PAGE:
(Bloomberg Opinion) -- There goes the other pipeline. Back in the day, BP Plc was sometimes dismissed as a “two-pipelines company.” This referred to two of its biggest positions: The Forties field and pipeline system in the North Sea and the Trans Alaska Pipeline bringing oil south from the Prudhoe Bay wells in Alaska. Forties was sold off in 2003 (the field) and 2017 (the pipes). Now, BP is leaving Alaska.In some respects, the $5.6 billion sale of the company’s Alaska portfolio is par for the course. BP has been selling assets for much of this decade in order to fund compensation and reshape the business after 2010’s Macondo blowout. More generally, selling mature oil and gas fields to smaller, independent companies planning to squeeze out more is a standard part of the development cycle. In 2003, Apache Corp. took Forties; the Alaska sale is to privately held Hilcorp Energy Co. To be an oil major is to be constantly ranking projects in terms of potential and deciding if you’re better off keeping them or flogging them.Yet the symbolism is inescapable. Alaska is embedded deeply in BP’s history and identity. Former CEO Lord John Browne, who led the late 20th-century mega-mergers that transformed BP from a two-pipeline company, kicked off his career there in 1969, just after BP struck oil. One of those big deals he ended up doing, the $33 billion acquisition of Atlantic Richfield Co. in 2000, was predicated in part on consolidating BP’s position in Alaska – only for antitrust regulators to force the sale of those particular assets to Phillips Petroleum Co. (now ConocoPhillips).Back then, BP was on the hunt for “elephants,” or giant oil and gas fields that typically took many years – and country-sized balance sheets – to develop. Hence Browne’s acquisition spree.The world has moved on. While producers still relish big discoveries, the intervening boom and bust in oil prices has made investors leery of big-ticket investments and more demanding in terms of payouts. Apart from, by and large, holding capex budgets in check, oil majors have been retreating from traditional strongholds, with Royal Dutch Shell Plc virtually leaving the Canadian oil sands, Chevron Corp. recently exiting the U.K. North Sea and Exxon Mobil Corp. putting its Norwegian assets up for sale. BP put its own Norwegian business into a joint venture in 2016.Meanwhile, they have been diverting cash to dividends and buybacks in order to keep investors onside – BP’s stock yields almost 7% – as well as directing more of their capex to shorter-cycle shale development.BP paid BHP Group Plc $10.5 billion in cash for its shale assets last year. Besides reducing BP’s leverage at a dicey time for oil prices, the Alaska deal can be seen as swapping out of an old, conventional position to help fund expansion in unconventional oil and gas. In that sense, selling Alaska throws the spotlight on these new assets where, like several of its peers, BP is trying to prove that the majors’ scale – which worked in such places as Alaska – can also be an advantage in shale.Alaska is viewed by some as a growth area, particularly – with grim irony – as climate change and the energy-dominance aspirations of the current U.S. administration open up more of it for potential development. However, as a sensitive, remote and challenging environment, it carries extra risks and costs for producers, including the potential for future administrations to restrict activity there again. The state’s oil boom truly began when the panic of the 1973 oil shock swept aside opposition to the construction of the Trans Alaska Pipeline. Its future from here will be shaped at least in part by the challenges of excess oil and associated emissions.Faced with this much change and the need to adapt, there really can be no sacred cash cows.To contact the author of this story: Liam Denning at email@example.comTo contact the editor responsible for this story: Mark Gongloff at firstname.lastname@example.orgThis column does not necessarily reflect the opinion of the editorial board or Bloomberg LP and its owners.Liam Denning is a Bloomberg Opinion columnist covering energy, mining and commodities. He previously was editor of the Wall Street Journal's Heard on the Street column and wrote for the Financial Times' Lex column. He was also an investment banker.For more articles like this, please visit us at bloomberg.com/opinion©2019 Bloomberg L.P.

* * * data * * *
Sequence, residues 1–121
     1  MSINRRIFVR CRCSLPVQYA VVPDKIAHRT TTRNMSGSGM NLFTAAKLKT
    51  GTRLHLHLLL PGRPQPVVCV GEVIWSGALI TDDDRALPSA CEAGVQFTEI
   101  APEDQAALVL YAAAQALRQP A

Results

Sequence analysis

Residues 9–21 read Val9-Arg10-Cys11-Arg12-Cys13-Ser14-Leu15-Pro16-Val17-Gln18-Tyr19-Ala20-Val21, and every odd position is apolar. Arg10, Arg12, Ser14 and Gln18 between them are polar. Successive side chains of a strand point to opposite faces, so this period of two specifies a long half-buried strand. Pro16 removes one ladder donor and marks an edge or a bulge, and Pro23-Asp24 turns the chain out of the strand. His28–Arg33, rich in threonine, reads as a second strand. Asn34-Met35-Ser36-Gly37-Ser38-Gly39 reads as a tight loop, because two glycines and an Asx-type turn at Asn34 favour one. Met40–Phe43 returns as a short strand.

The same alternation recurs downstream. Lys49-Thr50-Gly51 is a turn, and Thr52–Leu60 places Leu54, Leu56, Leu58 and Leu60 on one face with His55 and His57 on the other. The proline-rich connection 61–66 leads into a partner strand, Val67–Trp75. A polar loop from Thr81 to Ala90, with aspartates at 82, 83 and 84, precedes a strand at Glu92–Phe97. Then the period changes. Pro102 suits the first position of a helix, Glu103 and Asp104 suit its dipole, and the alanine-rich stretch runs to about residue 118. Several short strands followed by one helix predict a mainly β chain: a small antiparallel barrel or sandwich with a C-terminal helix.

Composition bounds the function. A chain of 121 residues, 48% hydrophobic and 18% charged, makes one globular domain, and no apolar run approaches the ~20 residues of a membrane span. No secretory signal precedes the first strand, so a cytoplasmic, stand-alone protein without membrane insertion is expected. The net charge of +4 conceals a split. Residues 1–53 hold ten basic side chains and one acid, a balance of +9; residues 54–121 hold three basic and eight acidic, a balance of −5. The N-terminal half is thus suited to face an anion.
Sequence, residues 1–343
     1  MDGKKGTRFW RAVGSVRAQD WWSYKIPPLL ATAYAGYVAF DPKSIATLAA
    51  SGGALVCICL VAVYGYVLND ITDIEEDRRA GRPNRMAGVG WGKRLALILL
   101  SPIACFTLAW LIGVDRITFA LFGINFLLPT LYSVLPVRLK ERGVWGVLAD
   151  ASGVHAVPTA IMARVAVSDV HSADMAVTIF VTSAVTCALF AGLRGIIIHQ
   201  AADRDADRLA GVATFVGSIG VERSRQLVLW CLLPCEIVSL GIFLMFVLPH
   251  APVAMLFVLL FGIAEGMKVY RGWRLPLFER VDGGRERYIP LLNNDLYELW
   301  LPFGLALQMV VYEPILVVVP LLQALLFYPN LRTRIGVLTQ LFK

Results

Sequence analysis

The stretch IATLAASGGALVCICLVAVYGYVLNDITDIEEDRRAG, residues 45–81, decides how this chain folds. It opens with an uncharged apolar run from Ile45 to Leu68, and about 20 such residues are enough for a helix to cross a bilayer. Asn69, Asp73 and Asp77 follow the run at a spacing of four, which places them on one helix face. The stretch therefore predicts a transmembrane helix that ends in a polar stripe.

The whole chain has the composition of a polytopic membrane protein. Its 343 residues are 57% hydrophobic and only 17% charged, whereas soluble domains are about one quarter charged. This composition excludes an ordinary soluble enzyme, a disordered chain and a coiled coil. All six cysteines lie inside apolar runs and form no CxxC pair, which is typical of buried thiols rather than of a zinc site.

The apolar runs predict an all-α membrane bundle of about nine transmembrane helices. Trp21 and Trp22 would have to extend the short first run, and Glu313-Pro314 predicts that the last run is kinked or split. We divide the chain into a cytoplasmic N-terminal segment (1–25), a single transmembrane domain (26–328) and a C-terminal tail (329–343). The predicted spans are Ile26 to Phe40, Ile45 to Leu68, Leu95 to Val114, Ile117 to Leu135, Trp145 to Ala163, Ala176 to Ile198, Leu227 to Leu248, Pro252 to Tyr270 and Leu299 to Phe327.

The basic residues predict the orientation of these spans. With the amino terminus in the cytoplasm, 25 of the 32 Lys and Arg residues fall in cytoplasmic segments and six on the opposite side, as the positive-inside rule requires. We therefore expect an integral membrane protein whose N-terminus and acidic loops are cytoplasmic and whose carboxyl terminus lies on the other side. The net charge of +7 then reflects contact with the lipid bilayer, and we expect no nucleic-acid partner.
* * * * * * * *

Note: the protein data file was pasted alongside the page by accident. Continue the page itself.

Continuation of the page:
Today, the API plans to release its oil inventory data for the week ended August 23. Reuters suggests a decline of 2.5 million barrels in oil inventories.